• spud

    Max, Correct Sir. My distant neighbors are basically ill prepared for an extended no grid crisis event. No water from wells. No electric for propane or electric furnaces. No re-supply for their small propane tanks either. Firewood for parties not years worth for survival. No gas for chain saws in volume. No pressurized water, frozen pipes come deep winter, no nothing. Sadly they will become a real threat to us here and will be seen just as such if they come wanting us to support their lack.
    Almost all will need to leave these mountains to seek aid in the towns…good luck but better there than out here.

    I wish it were different but it is not so face the truth and move on. I am a realist not a dreamer.

  • andrew james

    You carry the tampons around Snyder. I’ll pass on that one.

  • andrew james

    It’s not that big of a deal but I keep reading the same bs about honey. Sure it probably never goes bad. What it does do is crystallize in your cupboard over time. How do I know this? I tried to store honey in my cabinet for more than a year. Rotate the honey out of your pantry so that it doesn’t crystallize. I’m not sticking around when shtf. I’m headed for the snowline. You don’t have to worry about water there for one.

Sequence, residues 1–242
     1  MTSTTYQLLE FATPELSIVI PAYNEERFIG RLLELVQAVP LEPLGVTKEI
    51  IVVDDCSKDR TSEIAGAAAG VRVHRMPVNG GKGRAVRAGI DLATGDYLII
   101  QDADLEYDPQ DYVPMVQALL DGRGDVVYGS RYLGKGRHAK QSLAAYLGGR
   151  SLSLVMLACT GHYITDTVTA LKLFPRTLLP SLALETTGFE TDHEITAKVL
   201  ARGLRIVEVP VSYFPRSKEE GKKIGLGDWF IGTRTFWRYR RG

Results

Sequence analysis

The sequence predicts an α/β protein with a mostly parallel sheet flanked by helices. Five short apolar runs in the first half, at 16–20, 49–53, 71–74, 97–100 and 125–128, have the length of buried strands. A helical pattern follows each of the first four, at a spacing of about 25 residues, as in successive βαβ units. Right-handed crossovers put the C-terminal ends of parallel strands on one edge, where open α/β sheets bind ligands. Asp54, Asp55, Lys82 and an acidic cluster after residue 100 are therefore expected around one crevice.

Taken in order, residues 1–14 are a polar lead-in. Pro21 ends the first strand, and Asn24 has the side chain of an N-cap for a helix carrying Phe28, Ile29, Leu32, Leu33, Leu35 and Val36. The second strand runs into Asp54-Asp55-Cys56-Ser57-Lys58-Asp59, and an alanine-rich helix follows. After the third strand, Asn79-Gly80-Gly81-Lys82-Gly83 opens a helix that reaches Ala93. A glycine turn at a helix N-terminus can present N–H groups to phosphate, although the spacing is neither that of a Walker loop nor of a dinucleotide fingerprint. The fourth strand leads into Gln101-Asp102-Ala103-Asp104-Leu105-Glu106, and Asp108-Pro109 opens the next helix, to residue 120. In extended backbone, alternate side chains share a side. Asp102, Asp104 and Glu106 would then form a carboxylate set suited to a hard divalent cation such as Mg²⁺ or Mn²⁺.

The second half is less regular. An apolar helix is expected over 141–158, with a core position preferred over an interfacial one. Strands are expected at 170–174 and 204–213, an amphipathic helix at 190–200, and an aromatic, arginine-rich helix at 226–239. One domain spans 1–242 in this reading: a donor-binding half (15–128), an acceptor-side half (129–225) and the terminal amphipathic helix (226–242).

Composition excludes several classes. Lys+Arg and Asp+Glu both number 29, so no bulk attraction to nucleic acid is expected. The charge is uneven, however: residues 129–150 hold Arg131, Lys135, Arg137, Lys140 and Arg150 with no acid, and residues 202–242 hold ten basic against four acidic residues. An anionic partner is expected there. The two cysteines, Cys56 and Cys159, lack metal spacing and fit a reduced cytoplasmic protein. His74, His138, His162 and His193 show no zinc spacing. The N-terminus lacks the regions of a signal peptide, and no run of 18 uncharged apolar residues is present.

• spud

    Honey? Any seasoned prepper know honey can and will change some over time. Inside a heated house much faster. All it takes is to remove the cap and immerse most of the container in warm water and raise the heat to hot. The honey will fully warm up and turn back to thick liquid from crystal formations. This can be done over and over.

    He have hives, we store honey from five gallon tubs on down and have it as old as 15 years and it is fine. Kept very cool and dark it does not turn either. Yes honey will be a life saver for those who retain it. All things in balance and moderation develops a seasoned preppr…..

  • Garden Ready4Action

    good advice never goes out of style.